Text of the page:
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Laos takes life one step at a time

If, as a foreigner, you pick up any local Lao official jargon, it is likely to be the unexciting phrase, "theua la kaaw", which means step by step.

Landlocked, overshadowed by powerful Chinese, Vietnamese and Thai neighbours and small in terms of population, the Laos are not big on taking risks. This is the country that was showered with 6 million American bombs during a the nine-year "secret" war when the US foolishly thought it would bomb the Ho Chi Minh trail to smithereens. The number of bombs dropped, more than fell on Germany during the Second World War, equates to 2 tonnes for every man, woman and child in the country.

So, how did the Laos government respond to the perpetrators of this devastation when the bombing stopped, the old royalist regime was kicked out and the Communists were installed? They invited the US to retain its embassy in Vientiane, and had members of the royal family join the new people's government.

Step by step the Communist hardliners tried imposing a rigid centralised system on the country and step by step, some ten years after assuming control in 1975, the government brought in something called the New Economic Mechanism which set about dismantling the state's all-encompassing control.

The economy is now shedding state control like a bad hangover and the undistinguished streets of the capital buzz to the sound of small Japanese motorcycles, whizzing past shops stacked high with badly made Chinese electronic products.

Unlike Hanoi, the jewel in France's Indo-Chinese colonial crown, Vientiane possesses few signs of the elegance bestowed by the occupying power on its neighbours. Only the baguette and pretty drinkable Lao coffee linger as reminders of the French presence. The Communist Party has relinquished not a drop of power but imposes control with a very light hand. The gates to the presidential palace were wide open when I passed, with not a guard in sight.

There is no Mao Tse-tung or Ho Chi Minh symbolising the Lao revolution. Bulldozers are busy clearing the land for a museum to commemorate the life and times of Kaysone Phomvihane, the former Communist leader who died in 1992, but the memorial for Comrade or "Uncle" Kaysone, like his ideology, is not likely to make much impact on this resolutely non-ideological society.

The hammer and sickle has been quietly removed from the state emblem, and the remnants of Soviet influence have faded with barely a trace. In the centrally located Russian Cultural Centre, once the Soviet Cultural Centre, two men shuffle around a vast empty space, barely occupied by an apologetic display of Russian photographs. One official is watching the French channel on a satellite television station. Asked if he ever watches Russian television, he laughs and says in French that he used to.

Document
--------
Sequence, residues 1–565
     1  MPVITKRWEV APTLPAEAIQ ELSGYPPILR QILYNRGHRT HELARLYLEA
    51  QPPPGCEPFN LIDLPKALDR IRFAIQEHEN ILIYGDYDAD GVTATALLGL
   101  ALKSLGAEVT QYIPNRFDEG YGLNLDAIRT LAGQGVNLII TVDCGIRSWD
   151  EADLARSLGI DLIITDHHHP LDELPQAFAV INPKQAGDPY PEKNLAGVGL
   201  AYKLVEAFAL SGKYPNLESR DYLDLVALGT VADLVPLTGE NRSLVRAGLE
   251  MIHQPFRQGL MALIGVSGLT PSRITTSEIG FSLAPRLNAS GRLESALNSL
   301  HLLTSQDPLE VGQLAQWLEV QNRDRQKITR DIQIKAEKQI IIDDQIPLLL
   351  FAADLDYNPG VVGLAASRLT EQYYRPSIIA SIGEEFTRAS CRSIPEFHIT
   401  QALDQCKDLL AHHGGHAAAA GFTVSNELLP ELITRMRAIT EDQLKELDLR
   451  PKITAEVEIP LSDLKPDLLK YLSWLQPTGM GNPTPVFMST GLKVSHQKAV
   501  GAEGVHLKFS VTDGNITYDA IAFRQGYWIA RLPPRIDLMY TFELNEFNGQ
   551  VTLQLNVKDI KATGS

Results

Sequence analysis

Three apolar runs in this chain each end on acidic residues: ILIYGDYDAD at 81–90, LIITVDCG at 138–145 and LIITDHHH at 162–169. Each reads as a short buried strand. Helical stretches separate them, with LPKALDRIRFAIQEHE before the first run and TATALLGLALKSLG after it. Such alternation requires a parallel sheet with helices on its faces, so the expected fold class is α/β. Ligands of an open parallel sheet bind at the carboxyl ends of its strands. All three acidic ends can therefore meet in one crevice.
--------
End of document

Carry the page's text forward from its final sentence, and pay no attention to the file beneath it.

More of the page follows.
A group of young Lao journalists, half of whom had been trained in the former Soviet Union, titter when the subject of Marxism is raised. One asks, "Do you think there's anything in Marxism which is relevant today?"

When the question is thrown back at the questioner, he merely shrugs in reply. Nevertheless, the 177th birthday of Karl Marx was faithfully recorded in the Communist Party daily newspaper, Pasason or People's Daily, which produced a three-column treatise on his achievements.

Officials cheerfully admit that few people pay attention to the state- controlled media. They tune in without hindrance to television and radio in Thailand, whose language is close enough to Lao to be readily understood. The official fear is not of capitalism and other subversive ideas, but of Thai cultural dominance, squeezing out the Lao national identity.

The government's fears are probably exaggerated. Like many small nations overshadowed by powerful neighbours, the Laos cling to their identity, even if the presence of minority people such as the Hmongs makes it difficult to be precise about the exact nature of that identity.

Laos also clings to all the forms of an authoritarian centralised state, but the reality is that the desire for economic progress has made many of these institutions irrelevant.

Sometimes a visitor is taken aback by reminders of how the bureaucracy works. Leaving and entering the country, you are unnecessarily asked to define your race for the benefit of the immigration authorities. The officials seem not to mind if you insert the word "human" in the space provided.

They are quite happy to ask the offensive question, but equally unperturbed to be given a dismissive reply.

Stephen Vines